You might assume libraries can lend out as many digital copies of books as they would like, but this isn’t the case. Because of the distribution rights of publishers, libraries have a finite number digital audio book files they can lend to their users at any one time. This is one of the other downsides of using a free library service – if one of the titles you want to listen to is currently being used by another patron, you end up on the waiting list.
There’s really no reason not to download one of these programs and link it with your local library account to supplement any paid subscription service you use.
You can also get free audio books from LibriVox, a service that offers recordings of books in the public domain. This means it only offers books published before 1932 – some of the most popular downloads on the site are Jane Austen’s novels and “Moby Dick.”
LibriVox has a free audio book app you can use from your phone, and you can also stream books directly from its site. As I researched subscriptions, I discovered that many of the free audio books paid services include in their memberships are LibraVox recordings.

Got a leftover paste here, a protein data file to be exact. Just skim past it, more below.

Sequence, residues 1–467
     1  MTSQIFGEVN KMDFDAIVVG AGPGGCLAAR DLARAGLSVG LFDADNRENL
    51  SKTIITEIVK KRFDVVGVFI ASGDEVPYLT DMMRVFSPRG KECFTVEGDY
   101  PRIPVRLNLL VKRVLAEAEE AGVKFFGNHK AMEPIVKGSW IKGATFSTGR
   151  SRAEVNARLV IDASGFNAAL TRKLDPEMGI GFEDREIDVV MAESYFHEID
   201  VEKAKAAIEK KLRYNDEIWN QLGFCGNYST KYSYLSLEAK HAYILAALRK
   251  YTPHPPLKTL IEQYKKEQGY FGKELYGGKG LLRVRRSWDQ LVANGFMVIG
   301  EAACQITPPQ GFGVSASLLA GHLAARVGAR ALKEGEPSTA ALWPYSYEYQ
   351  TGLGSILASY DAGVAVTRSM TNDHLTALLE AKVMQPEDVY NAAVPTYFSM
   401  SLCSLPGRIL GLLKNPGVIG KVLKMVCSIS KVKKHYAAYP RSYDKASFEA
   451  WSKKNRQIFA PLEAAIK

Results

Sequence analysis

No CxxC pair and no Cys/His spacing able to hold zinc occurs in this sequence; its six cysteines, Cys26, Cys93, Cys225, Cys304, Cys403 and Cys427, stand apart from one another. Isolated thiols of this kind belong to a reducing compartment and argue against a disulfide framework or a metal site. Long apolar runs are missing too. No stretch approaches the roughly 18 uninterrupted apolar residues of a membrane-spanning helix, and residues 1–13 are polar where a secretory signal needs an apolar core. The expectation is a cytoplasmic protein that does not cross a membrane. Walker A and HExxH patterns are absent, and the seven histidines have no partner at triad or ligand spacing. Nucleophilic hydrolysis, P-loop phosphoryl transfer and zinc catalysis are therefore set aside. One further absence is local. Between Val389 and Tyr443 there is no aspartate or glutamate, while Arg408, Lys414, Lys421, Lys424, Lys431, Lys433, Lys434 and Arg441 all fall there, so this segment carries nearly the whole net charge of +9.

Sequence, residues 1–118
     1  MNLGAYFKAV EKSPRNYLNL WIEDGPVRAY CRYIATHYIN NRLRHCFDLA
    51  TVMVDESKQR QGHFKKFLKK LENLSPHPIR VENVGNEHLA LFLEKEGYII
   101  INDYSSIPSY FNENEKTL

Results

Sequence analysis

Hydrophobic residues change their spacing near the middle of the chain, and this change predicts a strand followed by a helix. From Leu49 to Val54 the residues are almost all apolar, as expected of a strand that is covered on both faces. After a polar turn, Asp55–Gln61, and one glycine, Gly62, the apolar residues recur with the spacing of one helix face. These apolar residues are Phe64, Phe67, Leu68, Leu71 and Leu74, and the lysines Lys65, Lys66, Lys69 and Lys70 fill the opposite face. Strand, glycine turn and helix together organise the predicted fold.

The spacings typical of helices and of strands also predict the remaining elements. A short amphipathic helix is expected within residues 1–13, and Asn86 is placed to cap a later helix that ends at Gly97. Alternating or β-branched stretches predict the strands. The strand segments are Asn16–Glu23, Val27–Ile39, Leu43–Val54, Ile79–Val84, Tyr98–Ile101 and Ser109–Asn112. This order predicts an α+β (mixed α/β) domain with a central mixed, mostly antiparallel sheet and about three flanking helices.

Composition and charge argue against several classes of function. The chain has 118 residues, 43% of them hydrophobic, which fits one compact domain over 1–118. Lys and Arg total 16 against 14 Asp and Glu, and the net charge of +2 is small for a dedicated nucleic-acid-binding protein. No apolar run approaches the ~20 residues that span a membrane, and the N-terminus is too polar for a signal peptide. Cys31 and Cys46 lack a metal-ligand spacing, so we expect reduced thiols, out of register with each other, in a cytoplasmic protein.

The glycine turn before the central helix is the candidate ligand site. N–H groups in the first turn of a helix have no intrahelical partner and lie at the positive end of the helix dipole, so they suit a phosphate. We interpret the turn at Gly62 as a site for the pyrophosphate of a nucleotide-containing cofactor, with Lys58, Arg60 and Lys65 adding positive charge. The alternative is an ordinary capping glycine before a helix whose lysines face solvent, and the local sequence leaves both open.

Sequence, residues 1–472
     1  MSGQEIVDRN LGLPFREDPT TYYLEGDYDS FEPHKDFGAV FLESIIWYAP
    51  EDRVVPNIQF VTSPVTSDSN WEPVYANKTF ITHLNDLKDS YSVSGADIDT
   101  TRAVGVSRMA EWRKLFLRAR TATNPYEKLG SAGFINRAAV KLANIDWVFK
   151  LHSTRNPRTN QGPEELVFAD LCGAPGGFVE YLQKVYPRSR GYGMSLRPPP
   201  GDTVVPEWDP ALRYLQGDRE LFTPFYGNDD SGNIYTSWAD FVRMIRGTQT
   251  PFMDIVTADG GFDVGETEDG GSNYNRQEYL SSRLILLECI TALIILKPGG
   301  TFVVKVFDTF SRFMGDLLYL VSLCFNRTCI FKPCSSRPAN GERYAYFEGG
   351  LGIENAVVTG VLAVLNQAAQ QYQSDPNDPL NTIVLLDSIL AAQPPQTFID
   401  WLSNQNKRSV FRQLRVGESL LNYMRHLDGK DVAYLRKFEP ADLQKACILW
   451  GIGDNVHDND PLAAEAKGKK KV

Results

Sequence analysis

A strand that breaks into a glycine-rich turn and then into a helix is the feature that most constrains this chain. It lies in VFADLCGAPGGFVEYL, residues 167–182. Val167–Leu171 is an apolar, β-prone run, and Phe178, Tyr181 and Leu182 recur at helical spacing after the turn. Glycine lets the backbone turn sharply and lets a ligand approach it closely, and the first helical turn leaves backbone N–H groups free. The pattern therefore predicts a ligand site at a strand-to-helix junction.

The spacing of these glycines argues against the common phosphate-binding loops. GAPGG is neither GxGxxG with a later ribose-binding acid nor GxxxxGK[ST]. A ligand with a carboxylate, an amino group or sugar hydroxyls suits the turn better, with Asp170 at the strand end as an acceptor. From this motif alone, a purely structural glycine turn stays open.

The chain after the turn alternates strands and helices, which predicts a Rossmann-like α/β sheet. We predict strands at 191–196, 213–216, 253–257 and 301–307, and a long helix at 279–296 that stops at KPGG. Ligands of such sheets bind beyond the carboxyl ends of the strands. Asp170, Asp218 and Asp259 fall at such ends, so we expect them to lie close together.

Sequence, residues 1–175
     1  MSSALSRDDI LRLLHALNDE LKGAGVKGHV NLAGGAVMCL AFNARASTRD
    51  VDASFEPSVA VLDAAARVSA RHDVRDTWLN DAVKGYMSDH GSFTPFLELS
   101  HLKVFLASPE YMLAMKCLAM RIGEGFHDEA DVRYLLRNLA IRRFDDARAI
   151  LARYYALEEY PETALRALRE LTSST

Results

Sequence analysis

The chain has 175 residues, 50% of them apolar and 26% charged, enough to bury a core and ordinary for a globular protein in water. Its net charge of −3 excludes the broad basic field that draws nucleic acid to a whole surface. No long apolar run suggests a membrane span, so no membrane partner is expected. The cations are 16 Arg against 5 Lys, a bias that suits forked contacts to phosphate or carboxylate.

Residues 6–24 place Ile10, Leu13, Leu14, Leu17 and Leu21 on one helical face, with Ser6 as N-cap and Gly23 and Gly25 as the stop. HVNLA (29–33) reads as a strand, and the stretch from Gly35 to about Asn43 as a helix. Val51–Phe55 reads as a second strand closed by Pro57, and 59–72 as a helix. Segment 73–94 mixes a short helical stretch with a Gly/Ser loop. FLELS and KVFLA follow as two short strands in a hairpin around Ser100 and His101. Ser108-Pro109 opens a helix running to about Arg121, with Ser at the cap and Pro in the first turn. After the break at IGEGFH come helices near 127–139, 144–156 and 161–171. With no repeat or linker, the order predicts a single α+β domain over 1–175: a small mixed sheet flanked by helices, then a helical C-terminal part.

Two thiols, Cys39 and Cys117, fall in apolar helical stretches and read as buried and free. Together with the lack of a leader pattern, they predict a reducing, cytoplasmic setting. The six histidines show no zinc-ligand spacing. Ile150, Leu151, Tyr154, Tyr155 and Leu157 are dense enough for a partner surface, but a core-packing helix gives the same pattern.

The downside to this service is that it may take you some time to find a quality recording. Because LibriVox uses volunteers, narrators can change from chapter to chapter, and there isn’t a universal quality standard required for recording.
Because the recordings aren’t always professionally produced, it can occasionally be hard to understand the narration, but it’s a global effort and sometimes injects new life into older texts. For example, I’ve heard good things about Mil Nicholson’s recordings of some of Charles Dickens’s greatest works that are free for download on the site.